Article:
Dr. Webb started the presentation by orienting attendees to the epidemiology of pediatric gun violence in the U.S., including the racial and ethnic disparities in pediatric firearm mortality. Guns are now the number one cause of death in U.S. children. While the tendency is to focus on school-based gun violence, this narrative overlooks the harsh reality that 72% of pediatric victims of mass shootings die in incidents of domestic violence. It also neglects the role of firearms in pediatric suicide. From 2011 to 2020, firearms accounted for 45% of pediatric suicides, a fact Dr. Webb used to emphasize the importance of incorporating firearm safety into suicide-prevention efforts. She also touched on the complex drivers behind the epidemiologic data which leaves certain populations, such as Black youth and members of the LGBTQIA+ community, at significantly higher risk of dying by firearm-related homicide and suicide, respectively.
The remainder of the time was spent examining the role of screening for firearm access and secure storage counseling in the prevention of pediatric gun injury and death. Dr. Webb highlighted the American Academy of Pediatrics’ transition from pursuing “the safest home for a child or adolescent” as pursuit of a home without firearms, to a focus on harm reduction. The purpose of routine screening is to identify homes that already have firearms present, so the message should be tailored as such. In cases when the safest cannot be achieved, safer is still better than unsafe.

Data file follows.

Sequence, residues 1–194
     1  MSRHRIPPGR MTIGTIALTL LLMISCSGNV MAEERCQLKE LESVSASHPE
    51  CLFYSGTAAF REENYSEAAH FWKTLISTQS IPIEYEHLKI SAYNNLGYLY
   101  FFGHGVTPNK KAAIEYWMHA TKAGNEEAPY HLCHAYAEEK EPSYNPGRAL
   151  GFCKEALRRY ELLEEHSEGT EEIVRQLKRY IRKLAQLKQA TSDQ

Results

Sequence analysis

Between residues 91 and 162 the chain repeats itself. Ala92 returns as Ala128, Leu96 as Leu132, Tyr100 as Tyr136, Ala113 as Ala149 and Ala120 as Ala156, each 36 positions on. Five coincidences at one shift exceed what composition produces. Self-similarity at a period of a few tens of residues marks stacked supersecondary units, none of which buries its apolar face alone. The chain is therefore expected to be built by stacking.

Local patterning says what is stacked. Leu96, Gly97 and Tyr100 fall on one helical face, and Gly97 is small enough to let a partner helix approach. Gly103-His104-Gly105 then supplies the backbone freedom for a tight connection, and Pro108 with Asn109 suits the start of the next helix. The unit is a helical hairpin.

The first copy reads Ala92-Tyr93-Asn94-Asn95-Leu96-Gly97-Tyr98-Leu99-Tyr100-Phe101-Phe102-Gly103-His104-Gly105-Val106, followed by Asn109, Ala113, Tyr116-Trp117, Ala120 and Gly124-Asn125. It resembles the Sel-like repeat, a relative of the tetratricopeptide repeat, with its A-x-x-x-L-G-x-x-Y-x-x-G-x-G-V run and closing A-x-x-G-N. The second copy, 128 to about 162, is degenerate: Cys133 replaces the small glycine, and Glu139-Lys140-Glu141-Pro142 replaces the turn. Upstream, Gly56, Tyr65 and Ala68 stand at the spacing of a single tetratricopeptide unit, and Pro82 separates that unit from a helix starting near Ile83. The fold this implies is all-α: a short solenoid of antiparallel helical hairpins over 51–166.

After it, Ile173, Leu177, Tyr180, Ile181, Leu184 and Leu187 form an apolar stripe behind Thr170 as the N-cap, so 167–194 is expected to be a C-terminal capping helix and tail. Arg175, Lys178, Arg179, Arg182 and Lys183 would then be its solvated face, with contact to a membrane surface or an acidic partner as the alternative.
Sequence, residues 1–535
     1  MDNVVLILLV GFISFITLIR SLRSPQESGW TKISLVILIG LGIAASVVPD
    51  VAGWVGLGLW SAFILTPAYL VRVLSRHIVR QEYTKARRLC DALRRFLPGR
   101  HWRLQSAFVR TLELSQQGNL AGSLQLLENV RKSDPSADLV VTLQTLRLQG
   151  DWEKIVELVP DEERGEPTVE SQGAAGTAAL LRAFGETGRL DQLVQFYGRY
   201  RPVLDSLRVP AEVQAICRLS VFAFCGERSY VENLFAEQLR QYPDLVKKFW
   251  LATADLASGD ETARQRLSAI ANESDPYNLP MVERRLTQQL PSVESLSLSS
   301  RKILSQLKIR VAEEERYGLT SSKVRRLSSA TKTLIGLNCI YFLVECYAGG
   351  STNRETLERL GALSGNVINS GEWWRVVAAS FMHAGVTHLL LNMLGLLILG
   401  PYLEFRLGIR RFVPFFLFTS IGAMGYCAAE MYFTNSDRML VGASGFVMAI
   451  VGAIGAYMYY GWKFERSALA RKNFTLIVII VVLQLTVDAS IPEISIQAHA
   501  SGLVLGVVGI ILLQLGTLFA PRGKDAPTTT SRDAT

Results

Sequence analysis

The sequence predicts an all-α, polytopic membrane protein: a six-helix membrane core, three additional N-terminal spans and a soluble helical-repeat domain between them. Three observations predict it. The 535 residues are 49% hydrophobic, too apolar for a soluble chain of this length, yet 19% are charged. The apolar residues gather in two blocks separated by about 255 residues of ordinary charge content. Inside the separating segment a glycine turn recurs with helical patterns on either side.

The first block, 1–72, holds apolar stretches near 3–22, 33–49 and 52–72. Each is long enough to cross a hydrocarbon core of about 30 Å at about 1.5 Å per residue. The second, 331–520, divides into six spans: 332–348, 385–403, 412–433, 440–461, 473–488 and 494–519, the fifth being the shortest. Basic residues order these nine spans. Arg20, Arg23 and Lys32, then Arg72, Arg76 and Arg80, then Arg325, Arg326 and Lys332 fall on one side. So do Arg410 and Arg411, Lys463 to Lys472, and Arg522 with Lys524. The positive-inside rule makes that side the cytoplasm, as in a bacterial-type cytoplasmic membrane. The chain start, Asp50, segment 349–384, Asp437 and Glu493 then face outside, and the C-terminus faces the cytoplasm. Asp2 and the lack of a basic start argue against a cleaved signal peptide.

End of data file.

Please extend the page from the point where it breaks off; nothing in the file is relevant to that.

Dr. Webb closed by encouraging providers to familiarize themselves with different safety and storage mechanisms so they can provide adequate counseling. She also shared examples of how they can get involved in advocacy efforts in their institutions, communities, and beyond.
- School-based gun violence is a very real issue, but most of pediatric firearm deaths are a result of domestic-violence incidents, with significant racial and ethnic disparities.
- Firearms play a large role in pediatric suicide, making firearm safety an essential component of suicide-prevention efforts.
- Clinicians should actively screen all patients and families for access to firearms, and counseling should be focused on secure storage and injury prevention.
Dr. Bakkum is a pediatric hospitalist and clinical instructor of pediatrics at the University of Michigan C.S. Mott Children’s Hospital in Ann Arbor, Mich.